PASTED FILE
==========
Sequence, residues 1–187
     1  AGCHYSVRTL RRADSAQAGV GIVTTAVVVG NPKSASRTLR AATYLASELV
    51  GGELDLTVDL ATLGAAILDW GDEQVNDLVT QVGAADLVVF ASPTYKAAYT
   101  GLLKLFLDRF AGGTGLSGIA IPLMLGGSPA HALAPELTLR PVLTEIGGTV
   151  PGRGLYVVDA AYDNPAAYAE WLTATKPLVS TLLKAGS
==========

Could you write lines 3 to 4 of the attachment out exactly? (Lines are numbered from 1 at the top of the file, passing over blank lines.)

    51  GGELDLTVDL ATLGAAILDW GDEQVNDLVT QVGAADLVVF ASPTYKAAYT
   101  GLLKLFLDRF AGGTGLSGIA IPLMLGGSPA HALAPELTLR PVLTEIGGTV